Small GTP-binding proteins (G proteins) are monomeric G proteins with a low molecular weight of 20 to 40 kDa. A small G protein acts as a molecular switch that cycles between inactive GDP-bound and active GTP-bound forms. Thus far, ,100 small G proteins have been identified in eukaryotes from yeast to humans. The small G proteins in this superfamily are structurally classified into ≥5 families: the Ras, Rho, Rab, Sar/Arf, and Ran families. In general, the Ras family mainly regulates gene expression, the Rho family regulates both cytoskeletal reorganization and gene expression, the Rab and Sar1/Arf families regulate intracellular vesicle trafficking, and the Ran family regulates nucleocytoplasmic transport and microtubule organization during the cell cycle.1. Multiple downstream effectors of ...
Agonist binding to guanine nucleotide-binding protein (G protein)-coupled receptors in membranes of myeloid differentiated human leukemia (HL-60) cells is inhibited by guanine nucleotides, most potently by the GTP analog guanosine 5-(gamma-thio)triphosphate (GTP gamma S). In order to study whether GTP gamma S formed locally from adenosine 5-(gamma-thio)triphosphate (ATP gamma S) and GDP by nucleoside diphosphokinase has any advantage over exogenously added GTP gamma S in binding to and activating G proteins, regulation of complement component 5a (C5a) binding to its receptors, as well as formation of GTP gamma S, was studied in membranes of HL-60 cells. GTP gamma S added to HL-60 membranes potently inhibited binding of 125I-C5a (IC50 about 3 nM), an effect not influenced by addition of ...
Many microbes create and maintain pathogen-containing vacuoles (PVs) as an intracellular niche permissive for microbial growth and survival. The destruction of PVs by IFNγ-inducible guanylate binding protein (GBP) and immunity-related GTPase (IRG) host proteins is central to a successful immune response directed against numerous PV-resident pathogens. However, the mechanism by which IRGs and GBPs cooperatively detect and destroy PVs is unclear. We find that host cell priming with IFNγ prompts IRG-dependent association of Toxoplasma- and Chlamydia-containing vacuoles with ubiquitin through regulated translocation of the E3 ubiquitin ligase tumor necrosis factor (TNF) receptor associated factor 6 (TRAF6). This initial ubiquitin labeling elicits p62-mediated escort and deposition of GBPs to PVs, thereby conferring cell-autonomous immunity. Hypervirulent strains of Toxoplasma gondii evade this process via specific rhoptry protein kinases that ...
Signaling by kinases and phosphatases that act on serine, threonine, and tyrosine residues of proteins is among the most extensively studied regulatory mechanisms in mammalian cells, and research focused in this area is ongoing. We are just beginning to appreciate that such signaling mechanisms are extended and enriched by the reversible phosphorylation of histidine residues. The most exciting developments in this field to date come from studies on the β subunit of heterotrimeric guanosine triphosphate-binding proteins (G proteins), the enzyme adenosine 5′-triphosphate-citrate lyase, and now the Ca2+-activated K+ channel KCa3.1, all of which are targeted by nucleoside diphosphate kinase (which phosphorylates histidines) and protein histidine phosphatase (which dephosphorylates phosphorylated histidines).. ...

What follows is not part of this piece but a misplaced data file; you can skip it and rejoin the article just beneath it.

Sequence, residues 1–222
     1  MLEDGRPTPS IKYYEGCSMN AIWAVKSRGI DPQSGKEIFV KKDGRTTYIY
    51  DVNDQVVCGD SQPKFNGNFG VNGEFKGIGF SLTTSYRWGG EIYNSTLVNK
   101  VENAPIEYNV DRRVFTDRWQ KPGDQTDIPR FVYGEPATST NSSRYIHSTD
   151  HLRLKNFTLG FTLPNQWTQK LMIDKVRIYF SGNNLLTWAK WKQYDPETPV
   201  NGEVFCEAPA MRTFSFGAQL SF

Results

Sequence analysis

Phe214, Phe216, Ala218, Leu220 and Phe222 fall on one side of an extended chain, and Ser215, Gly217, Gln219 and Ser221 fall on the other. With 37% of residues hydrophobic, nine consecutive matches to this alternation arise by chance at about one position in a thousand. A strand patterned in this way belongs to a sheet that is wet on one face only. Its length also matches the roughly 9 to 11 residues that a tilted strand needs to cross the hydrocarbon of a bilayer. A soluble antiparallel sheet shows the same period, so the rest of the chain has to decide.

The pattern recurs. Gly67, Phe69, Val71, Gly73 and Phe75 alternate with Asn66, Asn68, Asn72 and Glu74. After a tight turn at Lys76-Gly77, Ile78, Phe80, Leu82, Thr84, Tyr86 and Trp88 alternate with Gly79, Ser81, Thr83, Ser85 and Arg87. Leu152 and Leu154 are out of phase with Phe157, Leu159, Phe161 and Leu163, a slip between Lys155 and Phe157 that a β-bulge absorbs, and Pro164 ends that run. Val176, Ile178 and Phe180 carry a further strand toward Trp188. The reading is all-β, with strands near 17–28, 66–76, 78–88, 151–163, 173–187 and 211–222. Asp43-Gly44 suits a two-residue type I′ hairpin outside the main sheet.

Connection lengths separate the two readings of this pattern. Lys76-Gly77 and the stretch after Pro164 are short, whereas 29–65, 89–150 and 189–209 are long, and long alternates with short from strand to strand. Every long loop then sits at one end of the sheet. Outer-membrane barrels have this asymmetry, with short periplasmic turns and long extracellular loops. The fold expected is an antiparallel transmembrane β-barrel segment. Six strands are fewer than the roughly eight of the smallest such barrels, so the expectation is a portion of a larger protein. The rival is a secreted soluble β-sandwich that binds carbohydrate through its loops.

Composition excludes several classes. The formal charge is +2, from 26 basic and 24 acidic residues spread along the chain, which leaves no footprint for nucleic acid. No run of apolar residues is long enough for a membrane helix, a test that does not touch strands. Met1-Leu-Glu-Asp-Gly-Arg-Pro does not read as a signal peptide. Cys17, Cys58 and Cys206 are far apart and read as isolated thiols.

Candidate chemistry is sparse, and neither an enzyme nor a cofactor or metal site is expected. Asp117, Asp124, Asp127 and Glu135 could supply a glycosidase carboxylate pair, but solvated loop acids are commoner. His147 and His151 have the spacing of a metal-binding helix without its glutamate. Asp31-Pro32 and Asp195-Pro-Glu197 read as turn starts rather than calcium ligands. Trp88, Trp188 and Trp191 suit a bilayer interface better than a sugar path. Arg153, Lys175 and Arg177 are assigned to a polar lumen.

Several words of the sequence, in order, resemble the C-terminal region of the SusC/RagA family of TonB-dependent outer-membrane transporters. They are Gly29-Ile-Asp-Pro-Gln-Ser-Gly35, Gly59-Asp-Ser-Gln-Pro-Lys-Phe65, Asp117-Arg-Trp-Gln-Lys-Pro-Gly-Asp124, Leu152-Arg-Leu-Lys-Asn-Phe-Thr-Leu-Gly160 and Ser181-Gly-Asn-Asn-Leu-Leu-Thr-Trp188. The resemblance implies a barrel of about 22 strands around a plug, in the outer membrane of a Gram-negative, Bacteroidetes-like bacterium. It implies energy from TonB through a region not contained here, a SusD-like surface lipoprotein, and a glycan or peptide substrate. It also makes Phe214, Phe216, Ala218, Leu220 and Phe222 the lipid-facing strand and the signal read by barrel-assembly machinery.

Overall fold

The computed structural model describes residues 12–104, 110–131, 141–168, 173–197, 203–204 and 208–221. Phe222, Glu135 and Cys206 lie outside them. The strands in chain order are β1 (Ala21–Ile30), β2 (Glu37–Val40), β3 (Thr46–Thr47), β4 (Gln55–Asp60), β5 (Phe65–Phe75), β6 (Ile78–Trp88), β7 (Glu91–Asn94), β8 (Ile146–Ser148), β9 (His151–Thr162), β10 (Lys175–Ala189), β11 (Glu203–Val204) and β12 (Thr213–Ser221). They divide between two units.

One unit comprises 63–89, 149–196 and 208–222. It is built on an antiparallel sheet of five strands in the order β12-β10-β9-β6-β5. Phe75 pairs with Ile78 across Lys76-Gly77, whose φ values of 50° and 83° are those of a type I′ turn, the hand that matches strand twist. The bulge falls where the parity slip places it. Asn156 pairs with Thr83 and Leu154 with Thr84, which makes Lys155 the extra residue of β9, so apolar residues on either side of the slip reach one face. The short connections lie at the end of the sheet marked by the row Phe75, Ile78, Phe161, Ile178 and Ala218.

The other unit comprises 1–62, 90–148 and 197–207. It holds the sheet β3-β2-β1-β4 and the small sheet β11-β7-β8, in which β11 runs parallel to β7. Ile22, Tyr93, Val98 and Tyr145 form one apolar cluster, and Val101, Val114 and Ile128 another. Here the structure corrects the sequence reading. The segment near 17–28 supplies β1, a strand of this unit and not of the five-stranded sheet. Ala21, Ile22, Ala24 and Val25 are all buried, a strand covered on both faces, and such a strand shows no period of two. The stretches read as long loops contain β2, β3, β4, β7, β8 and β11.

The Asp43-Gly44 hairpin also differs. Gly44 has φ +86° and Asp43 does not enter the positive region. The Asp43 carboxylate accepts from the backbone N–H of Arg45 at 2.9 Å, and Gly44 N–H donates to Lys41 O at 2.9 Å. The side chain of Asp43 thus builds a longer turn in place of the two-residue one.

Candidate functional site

TY - JOUR. T1 - Inhibiting ras signaling in the therapy of breast cancer. AU - Li, Tianhong. AU - Sparano, Joseph A.. PY - 2003/2. Y1 - 2003/2. N2 - Ras is a small guanosine triphosphate-binding protein that plays an important role in signal transduction pathways that influence cellular proliferation, apoptosis, cytoskeletal organization, and other important biological processes. Prenylation of Ras proteins by the enzyme farnesyltransferase renders the protein hydrophobic, causing localization to the inner surface of the cell membrane, where it exerts its biological effects. Ras mutations that result in constitutive activation of the Ras pathway are common in certain human cancers, and transfection of cell lines with mutant Ras renders them tumorigenic. Farnesyltransferase inhibitors (FTIs) were initially developed to inhibit growth of cancers harboring Ras mutations, but preclinical data suggests that they also have antiproliferative effects in cell lines ...
Caspase-11 directly detects LPS within the host cell cytosol (6). To explain how LPS gains access to the host cell cytosol, four distinct LPS delivery pathways were proposed: (i) some intracellular Gram-negative bacteria escape vacuoles to enter the host cell cytosol, where they release LPS (30); (ii) host GBPs execute membranolytic activities to extrude intracellular Gram-negative bacteria from PVs and extract LPS through bacteriolysis (10, 19-21); (iii) endocytosed bacterial OMVs release LPS into the host cell cytosol potentially through fusion with or transport across endosomal membranes (15, 31); and (iv) circulating free LPS (in the form of aggregates or bound to LPS-binding proteins) is consumed in vivo by an undefined cell population able to present LPS for caspase-11-mediated recognition (4, 5). Here, we present evidence that GBPs play previously unknown roles in the latter two pathways.. GBPs assist caspase-11 activation in response to infections ...